|Publication number||US20060047360 A1|
|Application number||US 10/924,391|
|Publication date||Mar 2, 2006|
|Filing date||Aug 24, 2004|
|Priority date||Aug 24, 2004|
|Also published as||CA2540400A1, US7277778, WO2006022891A2, WO2006022891A3|
|Publication number||10924391, 924391, US 2006/0047360 A1, US 2006/047360 A1, US 20060047360 A1, US 20060047360A1, US 2006047360 A1, US 2006047360A1, US-A1-20060047360, US-A1-2006047360, US2006/0047360A1, US2006/047360A1, US20060047360 A1, US20060047360A1, US2006047360 A1, US2006047360A1|
|Inventors||Patrick Burns, Jody Gilmore|
|Original Assignee||Burns Patrick J Sr, Gilmore Jody D|
|Export Citation||BiBTeX, EndNote, RefMan|
|Referenced by (2), Classifications (4), Legal Events (3)|
|External Links: USPTO, USPTO Assignment, Espacenet|
This disclosure relates to the field of chemical injection; in particular, to the automated computer control of chemical injection systems.
It is frequently necessary to inject lubricating oils, corrosion inhibitors, and other chemicals into the flow lines and equipment at oil and gas wells and other petroleum facilities. Existing injection systems typically include a pump for injecting a chemical into a system, and some timer, metering valve, or other controller to activate the pump at predetermined intervals. (As used in this application, “chemical” refers to any chemical fluid, including lubricating oils). Because it is important to know the total volume of chemical injected into a fluid system over the period of operation, more sophisticated systems include verification devices to determine the quantity of chemical injected.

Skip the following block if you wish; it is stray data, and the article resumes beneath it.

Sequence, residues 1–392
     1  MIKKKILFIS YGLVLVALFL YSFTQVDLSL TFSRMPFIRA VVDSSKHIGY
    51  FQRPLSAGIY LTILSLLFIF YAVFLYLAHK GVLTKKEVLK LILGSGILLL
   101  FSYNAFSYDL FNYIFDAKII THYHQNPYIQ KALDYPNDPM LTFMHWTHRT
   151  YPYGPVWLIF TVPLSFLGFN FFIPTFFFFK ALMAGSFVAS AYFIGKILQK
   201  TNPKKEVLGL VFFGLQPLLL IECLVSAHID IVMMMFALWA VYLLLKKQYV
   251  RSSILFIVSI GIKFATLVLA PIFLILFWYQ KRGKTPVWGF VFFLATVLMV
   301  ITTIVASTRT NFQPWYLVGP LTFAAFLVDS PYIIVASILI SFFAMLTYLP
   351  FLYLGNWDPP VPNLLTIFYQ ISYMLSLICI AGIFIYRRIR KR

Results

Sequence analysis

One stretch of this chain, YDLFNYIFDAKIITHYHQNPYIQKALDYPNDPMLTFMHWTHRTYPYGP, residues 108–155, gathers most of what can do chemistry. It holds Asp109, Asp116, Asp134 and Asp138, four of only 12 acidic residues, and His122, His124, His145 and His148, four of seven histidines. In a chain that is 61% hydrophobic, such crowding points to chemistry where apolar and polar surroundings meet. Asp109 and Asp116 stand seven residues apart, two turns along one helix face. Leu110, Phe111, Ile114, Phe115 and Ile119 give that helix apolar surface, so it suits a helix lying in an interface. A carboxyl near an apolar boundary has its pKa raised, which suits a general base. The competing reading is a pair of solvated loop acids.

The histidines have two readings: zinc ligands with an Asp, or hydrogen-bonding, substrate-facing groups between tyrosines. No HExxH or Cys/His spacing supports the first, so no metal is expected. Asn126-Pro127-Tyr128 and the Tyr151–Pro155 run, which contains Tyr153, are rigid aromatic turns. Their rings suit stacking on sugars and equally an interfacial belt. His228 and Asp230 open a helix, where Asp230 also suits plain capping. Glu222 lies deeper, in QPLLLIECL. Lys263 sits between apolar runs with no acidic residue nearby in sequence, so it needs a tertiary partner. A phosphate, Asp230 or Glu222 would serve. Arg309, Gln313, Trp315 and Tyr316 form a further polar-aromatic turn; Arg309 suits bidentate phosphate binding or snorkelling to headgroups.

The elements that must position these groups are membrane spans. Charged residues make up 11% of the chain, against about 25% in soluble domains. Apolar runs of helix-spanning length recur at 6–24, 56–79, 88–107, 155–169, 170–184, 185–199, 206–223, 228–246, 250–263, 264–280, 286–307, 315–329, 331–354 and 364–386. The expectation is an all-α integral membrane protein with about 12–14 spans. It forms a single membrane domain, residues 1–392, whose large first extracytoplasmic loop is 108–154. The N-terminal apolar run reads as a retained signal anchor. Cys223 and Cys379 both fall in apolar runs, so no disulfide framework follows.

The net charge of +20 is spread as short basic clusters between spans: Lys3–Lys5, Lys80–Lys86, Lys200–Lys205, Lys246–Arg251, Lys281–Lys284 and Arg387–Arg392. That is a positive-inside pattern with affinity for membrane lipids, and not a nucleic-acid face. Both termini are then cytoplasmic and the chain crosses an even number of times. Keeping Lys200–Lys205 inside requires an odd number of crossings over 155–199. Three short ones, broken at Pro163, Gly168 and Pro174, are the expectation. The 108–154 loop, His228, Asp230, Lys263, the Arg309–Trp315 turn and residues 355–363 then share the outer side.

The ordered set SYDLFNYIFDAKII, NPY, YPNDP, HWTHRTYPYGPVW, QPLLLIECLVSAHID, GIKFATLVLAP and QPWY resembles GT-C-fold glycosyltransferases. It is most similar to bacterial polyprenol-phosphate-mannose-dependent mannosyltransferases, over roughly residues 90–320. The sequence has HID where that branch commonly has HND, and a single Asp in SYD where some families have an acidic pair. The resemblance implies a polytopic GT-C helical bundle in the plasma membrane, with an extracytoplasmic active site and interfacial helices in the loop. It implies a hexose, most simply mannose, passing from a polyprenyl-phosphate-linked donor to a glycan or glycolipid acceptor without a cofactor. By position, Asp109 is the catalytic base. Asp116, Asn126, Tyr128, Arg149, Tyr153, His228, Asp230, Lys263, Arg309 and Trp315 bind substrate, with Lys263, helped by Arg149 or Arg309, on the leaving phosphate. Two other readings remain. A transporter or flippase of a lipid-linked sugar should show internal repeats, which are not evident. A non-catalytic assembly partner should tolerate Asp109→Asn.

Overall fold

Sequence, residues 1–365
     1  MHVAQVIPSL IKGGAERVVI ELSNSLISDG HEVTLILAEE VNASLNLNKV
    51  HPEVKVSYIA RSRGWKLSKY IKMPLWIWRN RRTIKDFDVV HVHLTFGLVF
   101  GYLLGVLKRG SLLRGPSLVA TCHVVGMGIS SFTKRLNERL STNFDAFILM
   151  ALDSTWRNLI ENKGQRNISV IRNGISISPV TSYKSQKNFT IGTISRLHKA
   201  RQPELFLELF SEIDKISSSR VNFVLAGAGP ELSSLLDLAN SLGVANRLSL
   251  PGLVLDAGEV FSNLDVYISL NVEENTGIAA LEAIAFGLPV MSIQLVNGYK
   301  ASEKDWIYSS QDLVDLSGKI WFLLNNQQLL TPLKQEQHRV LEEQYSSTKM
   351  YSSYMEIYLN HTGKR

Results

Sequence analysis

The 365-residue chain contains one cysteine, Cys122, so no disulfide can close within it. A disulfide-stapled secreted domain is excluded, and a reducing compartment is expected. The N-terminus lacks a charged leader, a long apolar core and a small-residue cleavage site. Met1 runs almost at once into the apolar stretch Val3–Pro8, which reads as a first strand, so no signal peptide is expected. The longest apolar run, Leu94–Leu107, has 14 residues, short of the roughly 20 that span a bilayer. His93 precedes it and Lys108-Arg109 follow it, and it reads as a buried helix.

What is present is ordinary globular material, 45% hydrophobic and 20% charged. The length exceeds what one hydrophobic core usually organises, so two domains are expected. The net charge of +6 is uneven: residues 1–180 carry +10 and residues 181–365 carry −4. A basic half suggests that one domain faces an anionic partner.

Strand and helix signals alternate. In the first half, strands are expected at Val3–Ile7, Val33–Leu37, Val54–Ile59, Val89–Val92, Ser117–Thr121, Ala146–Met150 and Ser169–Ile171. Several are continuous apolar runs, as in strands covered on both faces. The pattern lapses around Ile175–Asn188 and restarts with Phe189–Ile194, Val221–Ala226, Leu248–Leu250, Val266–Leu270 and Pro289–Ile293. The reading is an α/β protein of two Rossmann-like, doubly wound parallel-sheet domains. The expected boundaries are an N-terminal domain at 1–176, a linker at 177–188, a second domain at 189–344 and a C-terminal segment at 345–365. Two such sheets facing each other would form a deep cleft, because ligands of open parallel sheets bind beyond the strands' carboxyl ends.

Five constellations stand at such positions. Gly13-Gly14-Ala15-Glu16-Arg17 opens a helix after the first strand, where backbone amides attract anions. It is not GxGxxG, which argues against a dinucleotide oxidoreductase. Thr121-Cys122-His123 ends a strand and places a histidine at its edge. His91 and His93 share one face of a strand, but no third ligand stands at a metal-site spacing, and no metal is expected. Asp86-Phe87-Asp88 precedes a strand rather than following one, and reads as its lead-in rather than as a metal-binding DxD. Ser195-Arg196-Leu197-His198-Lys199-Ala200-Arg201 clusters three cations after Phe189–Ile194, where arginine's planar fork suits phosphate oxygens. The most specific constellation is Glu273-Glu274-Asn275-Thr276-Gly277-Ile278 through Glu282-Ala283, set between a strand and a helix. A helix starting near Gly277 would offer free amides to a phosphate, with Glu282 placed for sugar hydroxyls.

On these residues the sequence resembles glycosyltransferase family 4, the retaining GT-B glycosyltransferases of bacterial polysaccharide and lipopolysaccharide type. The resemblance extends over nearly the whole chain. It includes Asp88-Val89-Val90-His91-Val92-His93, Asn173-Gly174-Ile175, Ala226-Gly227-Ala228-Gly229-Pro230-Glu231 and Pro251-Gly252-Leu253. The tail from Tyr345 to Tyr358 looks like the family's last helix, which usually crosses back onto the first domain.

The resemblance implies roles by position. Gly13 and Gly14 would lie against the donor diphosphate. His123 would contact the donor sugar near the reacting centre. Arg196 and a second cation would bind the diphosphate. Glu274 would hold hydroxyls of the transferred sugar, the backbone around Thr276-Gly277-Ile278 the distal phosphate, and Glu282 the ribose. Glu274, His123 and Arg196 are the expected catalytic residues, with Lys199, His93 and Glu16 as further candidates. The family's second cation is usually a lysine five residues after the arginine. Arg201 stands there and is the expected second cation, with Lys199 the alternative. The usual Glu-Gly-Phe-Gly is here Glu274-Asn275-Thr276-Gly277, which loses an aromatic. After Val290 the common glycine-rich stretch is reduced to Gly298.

Examples include positive-displacement pumps for injecting chemicals into a pipeline, a controller, a flow switch connected to the outlet side of the pump, and an inlet meter for metering the chemical to the pump. The controller typically activates the pump for a predetermined number of strokes. From the number of strokes and a preset pump displacement setting, the purported volume of chemical injected can be calculated. In prior-art systems, the state of the pump is either assumed from the commands sent to it, or else the state is monitored by pressure switches that detect pressure in the line to be charged. The first method does not detect failures at all, and the second method is prone to error because merely moving a valve or pump element can cause spurious pressure changes within a pressurized system.
Such injection systems have advantages and improvements over the prior art techniques and devices, but they provide only coarse chemical usage data. While these systems do provide some quantitative raw data for analysis, adjustment and accountability of the chemical usage, they do not have any capability to present such data in a useful format to facilitate audit or reporting of system operation. The systems are also costly and have to be operated by experienced persons. It would be advantageous to have the injection system controlled centrally from some remote point by appropriately trained and informed persons.
Further complicating the problem is the number of flammable gases that may be present at oil and gas wells, such as mixtures of oxygen, methane, ethane, propane, hydrogen sulfide and others. Similar potentially dangerous environmental conditions exist in locations where petroleum products are being recovered, refined or processed. hazardous environmental conditions may also exist in industrial areas where large quantities of dust are present, such as in grain handling facilities or pulp and paper mil's. Standardized classifications for the various types of hazardous locations have been adopted and assigned by regulatory agencies according to the nature and type of hazard that is generally present or that may occasionally be present.